Recent Books — Best Practices, Lodato, Intelligent Systems, Jane, Not A Sound, Seventh Function of Language, Dead Woman Walking, How Not To Be Wrong, Strangers in Their Own Land, Viking Economics

  • The Journal of Best Practices by David Finch.  Engaging tale of a man who set out methodically to improve his relationships.  Good counsel for all of us.
  • Edgar & Lucy by Victor Lodato.  Intriguing and I seemed to enjoy, but somehow just never finished.  I am not sure why.  I guess I am not really in a fantasy mood.
  • Intelligent Systems for Engineers and Scientists by Adrian Hopgood.  Kind of dated at this point.
  • Jane, Unlimited by Kristin Cashore.  Good reviews but ugh, choppy and poorly developed.
  • Not A Sound by Heather Gudenkauf.  Solid thriller — a deaf woman stumbles into a mystery, and increasingly learns that those closest to her may be involved.
  • The Seventh Function of Language by Laurent Binet.  Great book, man did this make me feel uneducated — the art, literature, and culture references flew by me, but well written.
  • Dead Woman Walking by Sharon Bolton.  Nice thriller set in Scottish border lands with some excellent twists.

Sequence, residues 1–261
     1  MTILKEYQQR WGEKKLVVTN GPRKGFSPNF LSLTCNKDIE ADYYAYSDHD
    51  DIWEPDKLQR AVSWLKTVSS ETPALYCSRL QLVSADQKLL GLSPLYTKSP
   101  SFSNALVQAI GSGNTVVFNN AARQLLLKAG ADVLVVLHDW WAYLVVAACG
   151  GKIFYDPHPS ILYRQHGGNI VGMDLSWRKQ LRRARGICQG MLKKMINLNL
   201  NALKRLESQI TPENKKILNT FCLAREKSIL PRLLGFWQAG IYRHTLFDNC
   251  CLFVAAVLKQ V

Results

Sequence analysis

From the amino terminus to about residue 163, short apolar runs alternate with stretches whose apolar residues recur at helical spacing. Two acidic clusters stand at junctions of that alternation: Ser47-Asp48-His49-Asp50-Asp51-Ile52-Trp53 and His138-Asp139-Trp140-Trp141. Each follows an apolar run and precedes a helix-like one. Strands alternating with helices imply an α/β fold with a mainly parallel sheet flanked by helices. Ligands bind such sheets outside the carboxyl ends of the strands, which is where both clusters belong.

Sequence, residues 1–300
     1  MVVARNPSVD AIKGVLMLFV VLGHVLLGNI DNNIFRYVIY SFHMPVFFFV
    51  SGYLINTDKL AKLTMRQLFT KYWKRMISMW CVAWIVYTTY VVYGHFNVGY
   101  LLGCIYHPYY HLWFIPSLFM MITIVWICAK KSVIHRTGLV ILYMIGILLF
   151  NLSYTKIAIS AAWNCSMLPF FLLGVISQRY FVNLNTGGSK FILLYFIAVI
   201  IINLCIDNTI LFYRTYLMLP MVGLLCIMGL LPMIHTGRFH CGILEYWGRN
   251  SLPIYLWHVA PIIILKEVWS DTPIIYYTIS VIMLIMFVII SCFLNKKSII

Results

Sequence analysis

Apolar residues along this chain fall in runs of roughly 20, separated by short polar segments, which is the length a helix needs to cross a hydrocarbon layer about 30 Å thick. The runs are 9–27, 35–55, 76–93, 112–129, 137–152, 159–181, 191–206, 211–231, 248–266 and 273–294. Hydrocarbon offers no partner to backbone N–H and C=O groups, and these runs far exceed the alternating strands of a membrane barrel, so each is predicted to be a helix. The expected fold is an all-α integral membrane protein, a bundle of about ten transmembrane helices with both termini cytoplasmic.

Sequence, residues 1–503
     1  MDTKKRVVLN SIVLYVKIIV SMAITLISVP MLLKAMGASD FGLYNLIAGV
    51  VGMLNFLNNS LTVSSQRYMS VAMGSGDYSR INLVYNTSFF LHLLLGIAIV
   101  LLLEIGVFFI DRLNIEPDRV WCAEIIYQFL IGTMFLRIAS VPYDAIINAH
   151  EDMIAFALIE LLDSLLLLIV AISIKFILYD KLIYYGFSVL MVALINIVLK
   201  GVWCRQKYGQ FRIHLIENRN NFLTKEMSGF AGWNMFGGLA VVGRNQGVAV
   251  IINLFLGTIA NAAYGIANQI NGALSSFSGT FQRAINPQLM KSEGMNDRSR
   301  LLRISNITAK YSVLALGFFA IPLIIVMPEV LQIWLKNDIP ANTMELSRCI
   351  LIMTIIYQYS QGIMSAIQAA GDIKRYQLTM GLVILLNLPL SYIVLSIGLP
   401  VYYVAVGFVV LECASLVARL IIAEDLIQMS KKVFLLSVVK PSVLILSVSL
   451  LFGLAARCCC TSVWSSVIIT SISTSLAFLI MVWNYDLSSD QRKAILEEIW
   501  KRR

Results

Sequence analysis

• How Not To Be Wrong by Jordan Ellenberg.  Great discussion of practical math and statistics and how they impact our everyday life.  Really good.
  • Strangers In Their Own Land by Arlie Russell Hochschild.  Another “how does the conservative right think” book.  Useful to try to build empathy.  Let’s hope that the conservative right are reading the equivalent books.
  • Viking Economics by George Lakey.  A bit gushing, but still a solid read about Nordic economies and values, and what we can learn from them.  A core point that resonated with me — the Nordic countries have embraced “investing in our people” as a core principle, and a lot of policy decisions stem from that.  This does not seem like a bad idea.